When it comes to building a car, it’s easy for your skill set or pocket book to get in the way of your dreams.
But those problems can be overcome.
In the case of Nick Pierson’s father’s 1972 Chevy Camaro, overcoming those obstacles has been a piece-by-piece process.
Pierson’s father traded a 1986 Monte Carlo SS for the Camaro, which looked like a pile of scrap metal at the time.
“Rust free body, no motor, no transmission, and no front clip,” Pierson wrote.
From the factory, this ’72 Camaro was never built to be overly special.
“This is the lowest production number Camaro because Chevrolet went on strike in 1972. A lot of Camaros and Firebirds got crushed that year,” Pierson wrote.
Indeed, a UAW strike at the Norwood, OH GM assembly plant halted production for 174 days, and 1,100 Camaros and Firebirds were scrapped because they didn’t meet 1973 federal bumper safety standards.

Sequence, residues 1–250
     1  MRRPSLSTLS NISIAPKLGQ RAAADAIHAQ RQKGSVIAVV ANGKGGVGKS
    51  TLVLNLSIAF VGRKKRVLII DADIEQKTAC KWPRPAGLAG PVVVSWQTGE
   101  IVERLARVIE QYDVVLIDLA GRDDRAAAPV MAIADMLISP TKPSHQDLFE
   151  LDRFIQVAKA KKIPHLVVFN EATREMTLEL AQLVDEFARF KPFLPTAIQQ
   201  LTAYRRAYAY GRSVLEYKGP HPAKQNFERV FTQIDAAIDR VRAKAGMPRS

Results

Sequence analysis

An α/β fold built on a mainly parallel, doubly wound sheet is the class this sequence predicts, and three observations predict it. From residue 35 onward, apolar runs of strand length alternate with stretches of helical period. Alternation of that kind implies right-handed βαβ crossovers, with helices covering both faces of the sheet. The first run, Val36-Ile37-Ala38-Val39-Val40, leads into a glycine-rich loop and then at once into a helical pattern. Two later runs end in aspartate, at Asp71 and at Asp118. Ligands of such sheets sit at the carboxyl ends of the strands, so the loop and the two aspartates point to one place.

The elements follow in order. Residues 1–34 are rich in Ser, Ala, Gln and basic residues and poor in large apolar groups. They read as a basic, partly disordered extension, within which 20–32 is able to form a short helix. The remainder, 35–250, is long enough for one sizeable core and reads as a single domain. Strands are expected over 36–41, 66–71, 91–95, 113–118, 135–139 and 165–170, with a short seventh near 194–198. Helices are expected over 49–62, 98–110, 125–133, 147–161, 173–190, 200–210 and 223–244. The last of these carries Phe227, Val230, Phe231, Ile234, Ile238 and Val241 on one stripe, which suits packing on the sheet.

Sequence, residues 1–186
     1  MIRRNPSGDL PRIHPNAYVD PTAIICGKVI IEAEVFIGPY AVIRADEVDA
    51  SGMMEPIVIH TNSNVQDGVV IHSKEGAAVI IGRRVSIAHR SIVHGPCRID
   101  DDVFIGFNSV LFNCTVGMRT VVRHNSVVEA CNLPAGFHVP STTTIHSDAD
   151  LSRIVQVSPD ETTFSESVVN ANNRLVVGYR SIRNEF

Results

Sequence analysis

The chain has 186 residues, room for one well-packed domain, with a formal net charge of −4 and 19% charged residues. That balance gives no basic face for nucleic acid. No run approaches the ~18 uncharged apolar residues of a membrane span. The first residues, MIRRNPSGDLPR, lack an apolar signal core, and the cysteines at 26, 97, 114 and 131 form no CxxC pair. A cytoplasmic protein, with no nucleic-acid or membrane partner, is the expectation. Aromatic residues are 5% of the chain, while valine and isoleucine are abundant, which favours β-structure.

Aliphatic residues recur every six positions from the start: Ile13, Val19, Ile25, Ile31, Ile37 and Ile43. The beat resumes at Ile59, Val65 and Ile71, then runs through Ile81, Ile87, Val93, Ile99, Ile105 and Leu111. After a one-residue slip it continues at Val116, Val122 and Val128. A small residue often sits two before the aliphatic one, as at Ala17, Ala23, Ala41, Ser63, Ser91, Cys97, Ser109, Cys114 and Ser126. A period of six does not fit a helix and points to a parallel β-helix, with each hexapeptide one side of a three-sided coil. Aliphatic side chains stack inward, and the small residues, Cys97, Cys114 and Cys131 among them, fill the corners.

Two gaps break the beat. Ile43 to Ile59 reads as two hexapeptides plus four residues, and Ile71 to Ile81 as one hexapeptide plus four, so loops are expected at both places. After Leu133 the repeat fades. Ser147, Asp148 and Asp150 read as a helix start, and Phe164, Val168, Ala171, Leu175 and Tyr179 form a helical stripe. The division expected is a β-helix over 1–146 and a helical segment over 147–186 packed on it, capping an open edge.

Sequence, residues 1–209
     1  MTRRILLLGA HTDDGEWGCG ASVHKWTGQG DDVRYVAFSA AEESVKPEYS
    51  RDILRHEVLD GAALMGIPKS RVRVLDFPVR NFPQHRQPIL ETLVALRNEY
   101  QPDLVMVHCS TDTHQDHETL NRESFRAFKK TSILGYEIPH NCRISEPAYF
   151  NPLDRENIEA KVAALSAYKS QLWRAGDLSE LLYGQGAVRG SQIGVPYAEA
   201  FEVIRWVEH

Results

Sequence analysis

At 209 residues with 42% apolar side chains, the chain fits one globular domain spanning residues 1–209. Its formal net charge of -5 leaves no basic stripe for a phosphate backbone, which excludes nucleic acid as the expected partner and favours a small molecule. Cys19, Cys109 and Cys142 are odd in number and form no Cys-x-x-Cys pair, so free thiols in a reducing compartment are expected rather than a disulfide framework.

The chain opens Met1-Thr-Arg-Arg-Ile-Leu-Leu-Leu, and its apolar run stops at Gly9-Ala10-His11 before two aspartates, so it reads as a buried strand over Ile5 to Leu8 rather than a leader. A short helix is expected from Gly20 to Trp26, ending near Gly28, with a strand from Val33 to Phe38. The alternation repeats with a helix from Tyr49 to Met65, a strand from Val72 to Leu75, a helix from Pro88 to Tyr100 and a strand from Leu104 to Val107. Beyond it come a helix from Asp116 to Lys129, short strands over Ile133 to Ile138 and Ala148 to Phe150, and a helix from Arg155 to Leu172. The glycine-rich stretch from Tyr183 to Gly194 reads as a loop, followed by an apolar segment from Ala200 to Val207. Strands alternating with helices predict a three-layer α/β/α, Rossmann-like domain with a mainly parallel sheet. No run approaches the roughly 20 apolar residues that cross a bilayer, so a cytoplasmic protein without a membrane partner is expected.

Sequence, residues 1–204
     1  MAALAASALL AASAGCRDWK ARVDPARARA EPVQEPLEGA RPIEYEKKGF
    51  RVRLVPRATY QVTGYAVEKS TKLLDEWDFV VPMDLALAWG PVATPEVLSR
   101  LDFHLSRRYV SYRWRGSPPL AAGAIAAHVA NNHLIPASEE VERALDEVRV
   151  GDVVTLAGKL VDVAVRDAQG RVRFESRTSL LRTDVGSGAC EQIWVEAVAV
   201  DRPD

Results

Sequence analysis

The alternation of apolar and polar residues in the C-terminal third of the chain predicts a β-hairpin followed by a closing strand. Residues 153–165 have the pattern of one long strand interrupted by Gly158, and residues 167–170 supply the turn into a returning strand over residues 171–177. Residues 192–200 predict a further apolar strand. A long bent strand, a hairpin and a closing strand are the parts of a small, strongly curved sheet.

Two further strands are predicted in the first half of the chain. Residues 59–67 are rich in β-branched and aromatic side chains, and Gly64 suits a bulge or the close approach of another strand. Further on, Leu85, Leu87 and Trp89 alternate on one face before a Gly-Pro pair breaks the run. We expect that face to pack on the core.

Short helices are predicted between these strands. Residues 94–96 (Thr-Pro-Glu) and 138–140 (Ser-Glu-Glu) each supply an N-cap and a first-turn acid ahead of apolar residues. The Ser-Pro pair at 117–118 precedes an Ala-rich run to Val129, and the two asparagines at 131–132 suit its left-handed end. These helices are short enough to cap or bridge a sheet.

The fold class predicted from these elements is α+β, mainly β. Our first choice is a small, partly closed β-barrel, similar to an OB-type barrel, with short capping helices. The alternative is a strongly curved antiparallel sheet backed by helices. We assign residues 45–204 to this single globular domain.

But Pierson and his father slowly made progress on their new project.
“We put a front clip on, and a 350 SBC and a Muncie 4-speed manual transmission. Ran it like that for a while.”
After the front clip and engine, it was time to paint the Camaro. But even that was a slow process.
“She was in red primer,” Pierson wrote. “She stayed looking like that for about 2 or 3 years…My dad and I did all the bodywork ourselves.”
Next, came the gray primer, then–eventually–paint. In the meantime, the father-son duo upgraded the engine and added some performance parts to make it a Z28 clone.
“355 SBC, Summit aluminium heads, Edelbrock Performer Intake, with 750 Holley dual fuel line, Pete Jackson noisy gear drive, Comp Cams 510/533 lift cam, Richmond Gear 6 speed transmission, 323 posi rear-end.”
The Camaro is finally “finished” and looks gorgeous, though Pierson cautions it’s not a work of art.
“She is not perfect,” he wrote. “She was built to be driven, and we have a lot of fun driving her and putting it through her paces. We go to car shows and cruise-ins, but never won a trophy or placed.”
So, what’s next for the ’72 Camaro?
“My dad wants to put a tunnel ram on it next, but we don’t have the money for new carburetors or rebuild kits.”
If history is any indicator of the future, Pierson and his father will eventually find a way to get the Camaro how they want it…and enjoy it every year until then.
See pictures of the build process below: